In the late 1980s and early 1990s, the situation in Tatarstan, as in many other autonomous republics within the former Soviet Union, was tense. The “Tatar question” arose as a result of the collapse of the Soviet Union and the formation of new nation-states. Many autonomous republics that had existed with the Russian Soviet Federal Socialist Republic tried to gain independence, as former Soviet republics such as the Central Asian and Baltic States had. First, they tried to raise their political and legal status to that of a Soviet republic. Then they began to hold referenda showing support for sovereignty. On March 21, 1992, Tatarstan held a referendum on the republic’s sovereignty: 62 percent favored the status of a republic as a subject of international law. Ten days later, Tatarstan did not sign a federal treaty with Moscow and in December 1993, it did not participate in Russia’s first parliamentary elections and the referendum on the Russian Constitution. Tatarstan had its own radicals – such as Fauzi Bairamov, head of the Ittifak movement – who said that the Tatarstan authorities should act decisively, “in the Chechen way.” In their book, The Time of the South, Russian political scientists Alexei Malashenko and Dmitry Trenin quote an activist in one of the Tatar ethnic-nationalist movements in the early 1990s: “If we Tatars had mountains and the Chechen character, we too would have shown Russia!”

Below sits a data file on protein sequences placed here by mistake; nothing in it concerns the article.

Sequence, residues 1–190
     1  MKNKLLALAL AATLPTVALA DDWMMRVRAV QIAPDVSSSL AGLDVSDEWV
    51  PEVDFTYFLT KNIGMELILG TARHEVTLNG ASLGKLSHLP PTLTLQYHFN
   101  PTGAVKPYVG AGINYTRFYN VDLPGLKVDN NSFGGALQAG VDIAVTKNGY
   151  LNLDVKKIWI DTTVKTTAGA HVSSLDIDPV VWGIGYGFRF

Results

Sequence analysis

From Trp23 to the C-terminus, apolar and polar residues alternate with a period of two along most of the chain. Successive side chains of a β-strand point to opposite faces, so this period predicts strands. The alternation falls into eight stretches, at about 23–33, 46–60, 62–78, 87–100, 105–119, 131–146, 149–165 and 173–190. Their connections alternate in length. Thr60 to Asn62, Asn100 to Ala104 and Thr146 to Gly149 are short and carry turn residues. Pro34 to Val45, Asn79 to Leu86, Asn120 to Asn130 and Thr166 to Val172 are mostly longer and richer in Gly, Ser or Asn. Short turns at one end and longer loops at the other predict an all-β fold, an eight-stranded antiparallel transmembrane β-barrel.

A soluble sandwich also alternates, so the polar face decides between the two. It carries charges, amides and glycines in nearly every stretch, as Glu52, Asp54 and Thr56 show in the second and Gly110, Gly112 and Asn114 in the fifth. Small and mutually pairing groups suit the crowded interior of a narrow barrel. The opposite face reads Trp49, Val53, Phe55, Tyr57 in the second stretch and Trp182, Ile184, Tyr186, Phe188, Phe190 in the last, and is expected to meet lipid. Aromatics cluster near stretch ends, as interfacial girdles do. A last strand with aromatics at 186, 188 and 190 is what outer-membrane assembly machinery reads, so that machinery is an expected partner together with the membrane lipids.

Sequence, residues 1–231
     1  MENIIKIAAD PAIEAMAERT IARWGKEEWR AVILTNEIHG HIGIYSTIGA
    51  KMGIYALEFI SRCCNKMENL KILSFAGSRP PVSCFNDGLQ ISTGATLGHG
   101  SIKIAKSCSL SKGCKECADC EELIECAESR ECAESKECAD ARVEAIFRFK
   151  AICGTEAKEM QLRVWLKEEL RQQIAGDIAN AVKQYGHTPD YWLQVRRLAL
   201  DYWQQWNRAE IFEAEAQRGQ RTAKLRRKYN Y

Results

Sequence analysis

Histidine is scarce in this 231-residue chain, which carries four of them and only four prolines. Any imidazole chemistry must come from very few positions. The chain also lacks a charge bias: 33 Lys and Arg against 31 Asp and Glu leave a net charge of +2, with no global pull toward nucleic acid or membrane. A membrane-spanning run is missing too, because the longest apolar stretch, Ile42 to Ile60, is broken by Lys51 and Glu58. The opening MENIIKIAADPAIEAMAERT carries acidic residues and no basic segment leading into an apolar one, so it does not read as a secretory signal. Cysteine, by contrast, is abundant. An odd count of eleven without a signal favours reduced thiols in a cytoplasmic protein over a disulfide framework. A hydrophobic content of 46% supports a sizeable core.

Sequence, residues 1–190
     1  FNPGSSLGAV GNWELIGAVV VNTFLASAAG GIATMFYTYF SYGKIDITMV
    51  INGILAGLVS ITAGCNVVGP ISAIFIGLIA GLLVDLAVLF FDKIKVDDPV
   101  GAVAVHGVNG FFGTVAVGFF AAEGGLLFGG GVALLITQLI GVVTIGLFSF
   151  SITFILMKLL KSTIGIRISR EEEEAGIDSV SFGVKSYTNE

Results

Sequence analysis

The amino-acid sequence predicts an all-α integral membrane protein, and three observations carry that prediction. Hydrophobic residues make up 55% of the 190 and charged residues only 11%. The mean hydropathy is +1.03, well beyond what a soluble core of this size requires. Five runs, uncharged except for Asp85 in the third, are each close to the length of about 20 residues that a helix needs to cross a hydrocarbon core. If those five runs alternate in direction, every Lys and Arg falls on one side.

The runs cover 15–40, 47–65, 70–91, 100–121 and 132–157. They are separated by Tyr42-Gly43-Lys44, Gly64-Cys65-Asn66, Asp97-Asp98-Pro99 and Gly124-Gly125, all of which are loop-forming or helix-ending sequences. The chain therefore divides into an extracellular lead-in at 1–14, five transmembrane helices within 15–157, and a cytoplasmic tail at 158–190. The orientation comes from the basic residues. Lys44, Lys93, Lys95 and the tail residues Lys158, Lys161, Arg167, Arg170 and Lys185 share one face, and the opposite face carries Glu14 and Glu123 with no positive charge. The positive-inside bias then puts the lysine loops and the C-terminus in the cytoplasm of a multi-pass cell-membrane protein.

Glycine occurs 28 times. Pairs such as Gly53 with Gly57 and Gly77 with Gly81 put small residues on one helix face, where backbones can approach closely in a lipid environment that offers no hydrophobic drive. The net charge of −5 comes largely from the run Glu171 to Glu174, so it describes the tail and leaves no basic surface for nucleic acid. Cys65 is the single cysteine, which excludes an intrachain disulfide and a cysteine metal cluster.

Fortunately, the nature of the Tatar elite’s political style worked to the advantage of the Russian state and its unity. Mintimir Shaimiyev, an experienced apparatchik of the Soviet school, quickly realized that the best way to curb the radicals was to adopt their slogans while hiring the most capable of the intellectual nationalists to work in the bureaucracy. The Orientalist Rafael Khakimov was a longtime adviser to Shaimiyev. Once he had outplayed the nationalists, Shaimiyev began the process of assimilation into Russia’s political class. He signed a demarcation treaty with Moscow on February 15, 1994. In 1999, he became a member of the Fatherland-All Russia party and then, like most regional leaders, he made the “right choice” and joined United Russia. Tatarstan’s economic relations with Moscow had been seamless even before 1994. The Russians who lived there did not flee en masse. Many of them were incorporated into the republic’s elite. “Tatarstanism” as a political identity was used to counter nationalist ideas. “In recent years, our leaders have spent a fair amount of time in federal ministries,” said Rafael Khakimov. The latest demarcation treaty between Moscow and Kazan, ratified on June 24, 2007, excludes such points as “the sovereignty of Tatarstan,” although it does retain the right to decide questions concerning the development of the republic’s natural resources jointly with Moscow.